Norman Lewis, chief strategy officer of Wireless Grids Corp., gave an interesting presentation at eComm where he showed how his company plans to liberate us from being locked into the prescribed uses of our tech gear as dictated by tech manufacturers or telecom operators.
He brought up familiar examples, like how cell phones are locked to carriers or how products from some vendors won’t work with the products of other vendors. This kind of shackle, Lewis said, runs directly counter to the current generation’s need to express itself freely.
So Syracuse, N.Y.-based Wireless Grids has created software to tie together devices of different manufacturers that run on different networks. It’s going to start testing that software in dorms at Syracuse University next week and will run the test for several months. Lewis, former head of research at French phone company Orange, disclosed that the company has a “memorandum of understanding” with Intel to work together.
The software essentially allows people to make their printers, computers, video cameras and other gear available to a network. Anyone in the network can use those resources to do whatever they want to do. Lewis said it will be interesting to see how a creative new generation will use this capability to mix and match devices, coming up with the equivalent of the old “radio frying pan” once advertised in newspapers long ago.
Some in the audience were skeptical this could be done. But Lewis contended the company’s software works regardless of the type of network, whether it is Bluetooth, Wi-Fi, WiMax or whatever. He described the problem as follows.
“We have all these devices but they don’t talk to each other,” he said. “We can’t go to the kitchen, put the ingredients together, and make something new. We are shackled. We are constrained in our behavior. We are forced into wheel chairs by the the network operators, and they put trees in our way. They prescribe what we can and can’t do. We are trying to get over this. It’s an absolute nightmare. We want to join together with our friends and just scream.”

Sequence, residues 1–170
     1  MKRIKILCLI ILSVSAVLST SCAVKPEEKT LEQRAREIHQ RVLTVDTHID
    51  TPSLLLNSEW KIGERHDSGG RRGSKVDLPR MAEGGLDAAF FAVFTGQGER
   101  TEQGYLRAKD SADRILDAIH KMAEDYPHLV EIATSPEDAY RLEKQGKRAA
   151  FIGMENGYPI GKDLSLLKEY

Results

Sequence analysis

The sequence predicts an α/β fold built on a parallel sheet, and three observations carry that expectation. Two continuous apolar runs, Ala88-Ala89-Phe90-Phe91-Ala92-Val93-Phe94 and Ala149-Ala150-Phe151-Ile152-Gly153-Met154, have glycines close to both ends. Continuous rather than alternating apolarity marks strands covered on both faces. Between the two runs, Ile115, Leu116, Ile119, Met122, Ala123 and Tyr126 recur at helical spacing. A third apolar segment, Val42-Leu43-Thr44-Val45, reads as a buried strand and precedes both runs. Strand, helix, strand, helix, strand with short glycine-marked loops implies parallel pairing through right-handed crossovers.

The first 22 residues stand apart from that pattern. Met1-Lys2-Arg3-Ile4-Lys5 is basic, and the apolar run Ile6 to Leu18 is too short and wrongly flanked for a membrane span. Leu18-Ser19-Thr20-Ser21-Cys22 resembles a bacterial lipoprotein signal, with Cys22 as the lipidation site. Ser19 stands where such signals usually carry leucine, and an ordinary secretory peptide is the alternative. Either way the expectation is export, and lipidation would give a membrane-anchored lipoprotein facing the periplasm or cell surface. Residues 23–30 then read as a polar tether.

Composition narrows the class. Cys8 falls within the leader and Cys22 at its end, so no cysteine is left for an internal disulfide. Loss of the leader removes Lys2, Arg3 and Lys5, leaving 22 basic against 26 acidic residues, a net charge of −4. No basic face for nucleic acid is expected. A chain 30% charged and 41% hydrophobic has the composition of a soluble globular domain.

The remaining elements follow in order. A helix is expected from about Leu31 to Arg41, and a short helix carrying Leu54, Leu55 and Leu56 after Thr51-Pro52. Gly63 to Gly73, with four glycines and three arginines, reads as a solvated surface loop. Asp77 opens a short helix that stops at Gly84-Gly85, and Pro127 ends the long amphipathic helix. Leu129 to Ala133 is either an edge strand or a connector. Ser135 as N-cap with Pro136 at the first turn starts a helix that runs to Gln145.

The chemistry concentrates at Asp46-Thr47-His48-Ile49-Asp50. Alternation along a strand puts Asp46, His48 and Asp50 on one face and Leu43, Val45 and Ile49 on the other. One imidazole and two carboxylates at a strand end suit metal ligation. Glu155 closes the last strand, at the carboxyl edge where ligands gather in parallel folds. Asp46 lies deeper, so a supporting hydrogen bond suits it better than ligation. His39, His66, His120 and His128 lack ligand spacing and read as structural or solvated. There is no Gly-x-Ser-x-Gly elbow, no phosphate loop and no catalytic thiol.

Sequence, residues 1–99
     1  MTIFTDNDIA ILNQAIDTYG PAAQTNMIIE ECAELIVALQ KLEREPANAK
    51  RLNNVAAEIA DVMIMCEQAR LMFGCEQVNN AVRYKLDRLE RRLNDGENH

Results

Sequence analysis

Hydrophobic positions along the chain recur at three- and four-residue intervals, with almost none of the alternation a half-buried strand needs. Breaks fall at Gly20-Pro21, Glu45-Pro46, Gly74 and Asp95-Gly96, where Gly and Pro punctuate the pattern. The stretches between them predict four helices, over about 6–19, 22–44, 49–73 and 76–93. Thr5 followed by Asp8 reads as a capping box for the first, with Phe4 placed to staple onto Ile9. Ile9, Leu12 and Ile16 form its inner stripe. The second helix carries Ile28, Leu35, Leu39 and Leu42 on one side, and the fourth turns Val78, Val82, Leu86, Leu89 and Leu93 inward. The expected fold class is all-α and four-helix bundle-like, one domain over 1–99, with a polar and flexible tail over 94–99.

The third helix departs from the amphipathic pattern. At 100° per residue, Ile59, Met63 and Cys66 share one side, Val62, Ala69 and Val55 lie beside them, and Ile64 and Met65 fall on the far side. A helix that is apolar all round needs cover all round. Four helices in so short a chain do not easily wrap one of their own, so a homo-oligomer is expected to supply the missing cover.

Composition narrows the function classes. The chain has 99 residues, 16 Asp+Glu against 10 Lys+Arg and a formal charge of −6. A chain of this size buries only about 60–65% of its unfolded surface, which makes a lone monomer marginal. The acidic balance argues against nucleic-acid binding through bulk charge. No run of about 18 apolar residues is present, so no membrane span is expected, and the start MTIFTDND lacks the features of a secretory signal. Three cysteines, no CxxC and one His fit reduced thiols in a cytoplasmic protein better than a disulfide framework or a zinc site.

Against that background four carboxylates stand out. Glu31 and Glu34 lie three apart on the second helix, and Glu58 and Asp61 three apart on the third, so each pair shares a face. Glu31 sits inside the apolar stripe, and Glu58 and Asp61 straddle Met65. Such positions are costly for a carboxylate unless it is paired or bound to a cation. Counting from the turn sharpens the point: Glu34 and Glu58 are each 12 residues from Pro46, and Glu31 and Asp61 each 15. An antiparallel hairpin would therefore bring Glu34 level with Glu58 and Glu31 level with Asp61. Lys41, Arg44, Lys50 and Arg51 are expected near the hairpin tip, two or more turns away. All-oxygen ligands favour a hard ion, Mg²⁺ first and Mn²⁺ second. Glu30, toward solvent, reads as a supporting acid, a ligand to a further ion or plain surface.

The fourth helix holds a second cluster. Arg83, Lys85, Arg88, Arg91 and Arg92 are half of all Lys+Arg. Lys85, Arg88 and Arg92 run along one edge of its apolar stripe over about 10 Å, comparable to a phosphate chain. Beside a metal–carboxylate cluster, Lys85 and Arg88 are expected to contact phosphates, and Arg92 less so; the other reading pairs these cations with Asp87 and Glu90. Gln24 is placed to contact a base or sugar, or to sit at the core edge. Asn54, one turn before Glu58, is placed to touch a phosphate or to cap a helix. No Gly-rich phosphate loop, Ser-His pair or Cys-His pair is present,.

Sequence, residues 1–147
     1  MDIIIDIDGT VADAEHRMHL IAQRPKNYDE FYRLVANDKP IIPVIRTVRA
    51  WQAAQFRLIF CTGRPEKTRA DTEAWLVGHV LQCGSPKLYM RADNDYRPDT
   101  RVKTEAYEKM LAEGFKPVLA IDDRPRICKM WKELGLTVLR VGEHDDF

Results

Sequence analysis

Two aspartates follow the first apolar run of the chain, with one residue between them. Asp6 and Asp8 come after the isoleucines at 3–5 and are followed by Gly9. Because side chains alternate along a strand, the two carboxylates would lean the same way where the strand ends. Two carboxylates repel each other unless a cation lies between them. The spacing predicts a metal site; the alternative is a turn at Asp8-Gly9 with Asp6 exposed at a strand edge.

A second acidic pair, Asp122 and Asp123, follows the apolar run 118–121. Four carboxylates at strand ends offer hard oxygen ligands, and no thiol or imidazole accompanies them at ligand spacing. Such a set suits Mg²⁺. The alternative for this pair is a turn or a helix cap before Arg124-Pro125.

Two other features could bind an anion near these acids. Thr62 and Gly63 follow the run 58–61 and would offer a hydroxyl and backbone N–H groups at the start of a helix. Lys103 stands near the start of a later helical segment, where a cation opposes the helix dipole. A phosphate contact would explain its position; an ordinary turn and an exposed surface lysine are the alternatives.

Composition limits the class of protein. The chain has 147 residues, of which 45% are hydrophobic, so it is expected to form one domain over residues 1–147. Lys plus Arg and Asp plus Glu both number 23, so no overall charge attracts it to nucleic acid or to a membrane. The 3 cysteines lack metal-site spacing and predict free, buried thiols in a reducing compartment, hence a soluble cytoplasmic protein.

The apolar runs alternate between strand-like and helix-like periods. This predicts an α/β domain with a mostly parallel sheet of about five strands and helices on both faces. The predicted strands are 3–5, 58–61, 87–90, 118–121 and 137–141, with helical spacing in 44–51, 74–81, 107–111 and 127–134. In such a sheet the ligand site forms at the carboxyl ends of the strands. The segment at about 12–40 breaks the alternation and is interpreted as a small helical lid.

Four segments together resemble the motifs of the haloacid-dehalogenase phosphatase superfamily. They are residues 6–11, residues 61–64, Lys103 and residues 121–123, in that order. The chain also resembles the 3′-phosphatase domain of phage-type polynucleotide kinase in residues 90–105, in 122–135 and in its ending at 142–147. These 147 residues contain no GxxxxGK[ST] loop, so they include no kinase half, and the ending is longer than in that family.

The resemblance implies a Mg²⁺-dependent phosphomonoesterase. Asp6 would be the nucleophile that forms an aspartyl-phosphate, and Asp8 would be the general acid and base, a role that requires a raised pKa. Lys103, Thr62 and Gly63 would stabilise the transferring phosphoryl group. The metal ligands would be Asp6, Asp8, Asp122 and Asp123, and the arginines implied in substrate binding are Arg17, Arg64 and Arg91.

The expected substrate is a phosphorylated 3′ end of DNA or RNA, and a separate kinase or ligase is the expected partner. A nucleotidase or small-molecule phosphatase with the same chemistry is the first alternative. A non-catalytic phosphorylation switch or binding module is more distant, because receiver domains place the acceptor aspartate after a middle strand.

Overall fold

At the same time, he said the thing that is different about kids today is that they are engaged with technology for the sake of self-expression. They want to use it to experiment with their identities.
“Our research on teens shows that the fundamental thing for them is put something out on a blog and seeing if anyone responded,” he said. “That is an acknowledgement that you exist.”
Transitioning to his company’s plans, he said the future is about control, not owning devices. The example he raised is that you could have a bunch of different devices available among a bunch of users. You could use a microphone to record all of their voices and store them in an MP3. Then you could embed that sound into a video that you create with editing software on a computer. The whole point, he said, is to “reverse engineer your own hardware so you can do what you want to do. These are your own devices and you should not worry about breaking the rules of each manufacturer.”
Lewis said he was excited about deploying software into the Syracuse University experiment, where students can tag content available for sharing and then make it available to anyone else in the group. With it, students will be able to share their screens, printers, files, sound systems, and in essence create “virtual jukeboxes.” Then, he said, once the students get hold of it, “We’ll see what kind of applications will be really computing. We want to foster a climate of innovation with personal infrastructure. This travels with you, so you always have access to your personal network.”
I have a lot of questions about how this would work and there are some answers on the company’s site. Lewis said that the company wants to get its software embedded in a wide range of devices so that they can all be connected to the grid, regardless of operating system. We’ll see if all of those manufacturers see the wisdom of this approach.
As one audience member noted, this “dream is decades old” (anyone remember General Magic?) and failed as multiple vendors couldn’t agree on a common networking or sharing technology. Lewis said that the company has solved that problem with what he called an “overlay technology.”
Wireless Grids developed its technology with $2 million in grant money from the National Science Foundation. It also received $500,000 in funding Cisco Systems, Novell, BT, Hitachi, and Nokia.
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